Many psychologists are angered by the decision to ban I.Q. tests for all black students in California. In one fell swoop, the state courts and the state department of education have said, in essence, that the I.Q. test serves no useful purpose in the assessment of black students. Although I recognize that there are biases in the standardizations of I.Q. tests when it comes to some populations, the same can be said for all standardized tests. However, skilled, well-trained school psychologists are aware of such problems and make allowances for them when interpreting test results.
I believe that test bias is related more to socioeconomic factors than to ethnicity. The premise that there are no black students for whom standardized tests are appropriate is difficult to support. I am aware that students in large urban areas from poor backgrounds have not had social or educational opportunities comparable to the standardization populations of most I.Q. tests.
However, many school psychologists have found it valuable to use, as an alternative procedure, the results of various subtests to obtain clues to a student’s potential ability or areas of possible disability. I believe that most psychologists have used assessment results in a similar, responsible manner. In a significant number of instances, teachers have been convinced, on the basis of subtest scores and other supporting data, that a student was not mentally retarded.
Therefore, it is with no little concern that I view the settlement between the plaintiffs and the state department of education in the Larry P. case. It removes from our hands a tool that we have found valuable in developing interventions for students and in providing data to assist us with determining whether or not a student meets federal and state eligibility standards for receiving special education.
Admittedly, our tools are flawed. However, as in the medical profession, any test or intervention, in addition to having positive benefits to the client, also has its risks. It is for this reason that competent psychologists use a number of instruments and procedures to corroborate their results. Federal law indicates that no single procedure may be used as the sole criterion to make an educational decision about a student. It is my opinion that I.Q. tests, even with their shortcomings, are still the most useful and reliable tools we have for estimating a student’s academic potential.
Alternative procedures have been recommended to replace I.Q. tests when evaluating black children. Although such procedures are valuable for assessing students for whom scores on I.Q. tests may not be valid, they do not measure the same factors that I.Q. tests measure. In fact, using alternative measures on the assumption that they are tests of ability, in the same sense that I.Q. tests are, may violate statutes requiring that tests be validated for the specific purpose for which they are used.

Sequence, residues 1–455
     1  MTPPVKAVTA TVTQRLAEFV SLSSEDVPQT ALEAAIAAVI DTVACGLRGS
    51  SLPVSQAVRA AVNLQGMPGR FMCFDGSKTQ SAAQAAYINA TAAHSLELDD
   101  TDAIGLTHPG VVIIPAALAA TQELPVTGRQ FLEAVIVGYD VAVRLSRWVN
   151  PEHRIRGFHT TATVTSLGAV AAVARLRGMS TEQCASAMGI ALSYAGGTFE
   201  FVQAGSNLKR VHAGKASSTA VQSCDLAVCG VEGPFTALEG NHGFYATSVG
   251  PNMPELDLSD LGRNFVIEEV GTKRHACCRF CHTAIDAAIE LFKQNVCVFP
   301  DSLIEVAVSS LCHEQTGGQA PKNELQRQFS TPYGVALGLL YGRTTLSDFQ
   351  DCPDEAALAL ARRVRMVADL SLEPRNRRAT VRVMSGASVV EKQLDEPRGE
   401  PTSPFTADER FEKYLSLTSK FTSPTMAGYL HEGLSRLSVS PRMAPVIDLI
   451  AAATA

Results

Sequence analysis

In light of the fact that one component of the federal criteria for identifying students with specific learning disabilities requires the determination that a severe discrepancy exists between intellectual ability and achievement, the state department of education’s agreement to bar the use of I.Q. tests for all black students may violate the rights of the state’s black students for whom I.Q. tests may be valid.
Although I respect the opinions of the many black psychologists and others who hail the settlement as providing protection for black students, I fear that a backlash against I.Q. tests could result in “throwing the baby out with the bath water,” and some black students could thereby be denied appropriate educational services.
It will be incumbent on all of us to see that this does not happen. Whatever strategies we use for assessing students need to be reliable and valid, and must selected because they introduce the least amount of bias.
We need to hold to the use of objective assessment data when making decisions about students.
My fear is that by using less reliable and less valid data, the door will be opened for making political decisions about the educational needs of students.
Pressures may be brought to bear to place students in special education because somebody thinks it will be “good” for them, or they will be denied services because it costs too much.
I am deeply concerned that there are plans within the California Department of Education to use the Larry P. settlement to ban I.Q. tests for all students and to restructure the delivery of special-education services so that they will serve only the most handicapped.
I believe that the banning of I.Q. tests for black students makes the whole assessment process for all students infinitely more complex.
A version of this article appeared in the February 11, 1987 edition of Education Week